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Vote on language changes to NC classrooms expected Thursday

Lt. Gov. Mark Robinson (R) said the proposed changes would just paint America as an inherently racist nation.
Published: Feb. 3, 2021 at 7:09 PM EST
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RALEIGH, N.C. (WITN) - Three terms are stirring up quite a controversy on the state board of education.

Last month, the state school board was presented with changes to the social studies curriculum that included language standards like using the terms “systemic racism, gender identity and systemic discrimination” in classrooms.

“These standards are divisive, and they have become divisive,” said Lt. Gov. Mark Robinson (R), who sits on the board. “There are still serious questions around it. It would be irresponsible for this board to pass them at this time.”

Robinson, the first African American to serve as lieutenant governor in North Carolina, said the use of the terms only paints America as an inherently racist nation. And, in his opinion, wrongly so.

“If you call our system of government racist, that is an untruth as far as I’m concerned,” said Robinson. “I truly believe that is an untruth as far as history is concerned.”

The board discussed the changes during what turned into a fiery and divided board meeting Wednesday.

“I have every confidence in our teachers to deliver unbiased instruction that’s appropriate, and that’s grounded in facts and truth,” said Board Member Matthew Bristow-Smith of Edgecombe. “But, also that empowers students to think.”

The discussions of the changes originated over the summer, according to board members, when Black Lives Matter protests were taking place in practically every city across the country over the killings of several unarmed African Americans at the hands of police.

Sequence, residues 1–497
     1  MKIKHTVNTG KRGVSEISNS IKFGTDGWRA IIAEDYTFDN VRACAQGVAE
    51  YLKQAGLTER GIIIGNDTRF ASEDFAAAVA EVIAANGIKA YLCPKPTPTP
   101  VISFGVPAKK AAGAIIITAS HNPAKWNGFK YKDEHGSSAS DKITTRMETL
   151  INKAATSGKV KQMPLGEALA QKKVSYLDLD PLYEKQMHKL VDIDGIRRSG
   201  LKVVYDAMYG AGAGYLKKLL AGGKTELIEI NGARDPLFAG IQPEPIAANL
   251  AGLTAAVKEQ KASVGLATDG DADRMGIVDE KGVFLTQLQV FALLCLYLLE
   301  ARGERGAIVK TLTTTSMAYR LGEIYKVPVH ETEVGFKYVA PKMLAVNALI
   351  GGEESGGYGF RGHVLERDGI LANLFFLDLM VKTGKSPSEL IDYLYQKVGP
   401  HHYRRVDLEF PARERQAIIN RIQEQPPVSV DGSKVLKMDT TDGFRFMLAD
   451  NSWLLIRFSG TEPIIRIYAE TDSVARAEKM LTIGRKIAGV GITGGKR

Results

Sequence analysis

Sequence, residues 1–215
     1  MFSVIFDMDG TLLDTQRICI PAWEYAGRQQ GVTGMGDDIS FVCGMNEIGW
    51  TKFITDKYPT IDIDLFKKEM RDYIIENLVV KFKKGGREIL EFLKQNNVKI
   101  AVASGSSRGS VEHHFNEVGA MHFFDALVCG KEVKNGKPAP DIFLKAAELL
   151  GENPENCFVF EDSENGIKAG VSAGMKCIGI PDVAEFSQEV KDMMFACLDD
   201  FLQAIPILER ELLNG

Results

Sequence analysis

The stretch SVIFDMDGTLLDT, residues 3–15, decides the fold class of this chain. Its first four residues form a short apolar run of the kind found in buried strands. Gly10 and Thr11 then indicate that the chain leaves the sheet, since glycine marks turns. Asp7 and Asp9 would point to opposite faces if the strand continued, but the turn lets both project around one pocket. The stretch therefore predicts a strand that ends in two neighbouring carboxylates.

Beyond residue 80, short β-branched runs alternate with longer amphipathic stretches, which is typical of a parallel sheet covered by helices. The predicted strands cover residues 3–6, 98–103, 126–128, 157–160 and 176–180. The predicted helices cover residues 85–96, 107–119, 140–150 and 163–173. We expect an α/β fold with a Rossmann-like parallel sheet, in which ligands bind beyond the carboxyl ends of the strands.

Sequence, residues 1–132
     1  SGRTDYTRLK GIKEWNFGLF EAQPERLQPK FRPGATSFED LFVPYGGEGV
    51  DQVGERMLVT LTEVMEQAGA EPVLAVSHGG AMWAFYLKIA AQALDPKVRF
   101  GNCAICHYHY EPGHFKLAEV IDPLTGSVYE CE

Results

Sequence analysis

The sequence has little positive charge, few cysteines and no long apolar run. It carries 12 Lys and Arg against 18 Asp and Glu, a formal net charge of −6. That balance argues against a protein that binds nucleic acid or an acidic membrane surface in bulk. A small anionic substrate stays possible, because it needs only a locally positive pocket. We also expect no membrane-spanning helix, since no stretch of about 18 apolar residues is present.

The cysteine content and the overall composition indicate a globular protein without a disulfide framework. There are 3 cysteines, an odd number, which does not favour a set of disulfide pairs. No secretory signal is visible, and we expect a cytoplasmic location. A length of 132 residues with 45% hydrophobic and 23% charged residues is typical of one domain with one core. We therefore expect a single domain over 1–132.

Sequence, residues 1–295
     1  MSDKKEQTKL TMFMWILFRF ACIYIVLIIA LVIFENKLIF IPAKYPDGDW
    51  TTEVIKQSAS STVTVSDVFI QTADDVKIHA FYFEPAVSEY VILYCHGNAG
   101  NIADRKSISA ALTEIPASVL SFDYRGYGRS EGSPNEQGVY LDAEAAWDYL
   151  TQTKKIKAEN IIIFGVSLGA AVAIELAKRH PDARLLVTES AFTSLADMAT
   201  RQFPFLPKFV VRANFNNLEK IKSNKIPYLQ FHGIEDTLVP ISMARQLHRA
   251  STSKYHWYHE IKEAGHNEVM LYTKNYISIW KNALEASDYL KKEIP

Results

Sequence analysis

“It’s because of the other conversations that are going on,” said Amy White of Wake County. “That’s the context in which our vehemence has arisen.”

The proposed changes were countered with a proposal that simply included the terms “racism, identity and discrimination.”

“I find it incredibly disingenuous to perpetuate the myth of a perfect American history,” said Nate Kolk-Thompson, one of two student advisors on the board.

Robinson said he plans to introduce a petition to the board with over 13,000 signatures from people opposing the proposed changes.

“There are enough people in this state who have questions about and concerns about these standards that we need to go back to the drawing board again,” said Robinson.

Another issue that became a point of contention, a political cartoon published to NBC affiliate WRAL’s editorial board depicting Republican members of the board in KKK hoods. Robinson called the cartoon offensive and racist.

“Editorial cartoons are creative and provocative, using hyperbole and satire,” Capitol Broadcasting Corporation Editor Seth Effron said in a statement. “No one believes Republicans on the state board of education are members of the Ku Klux Klan.”

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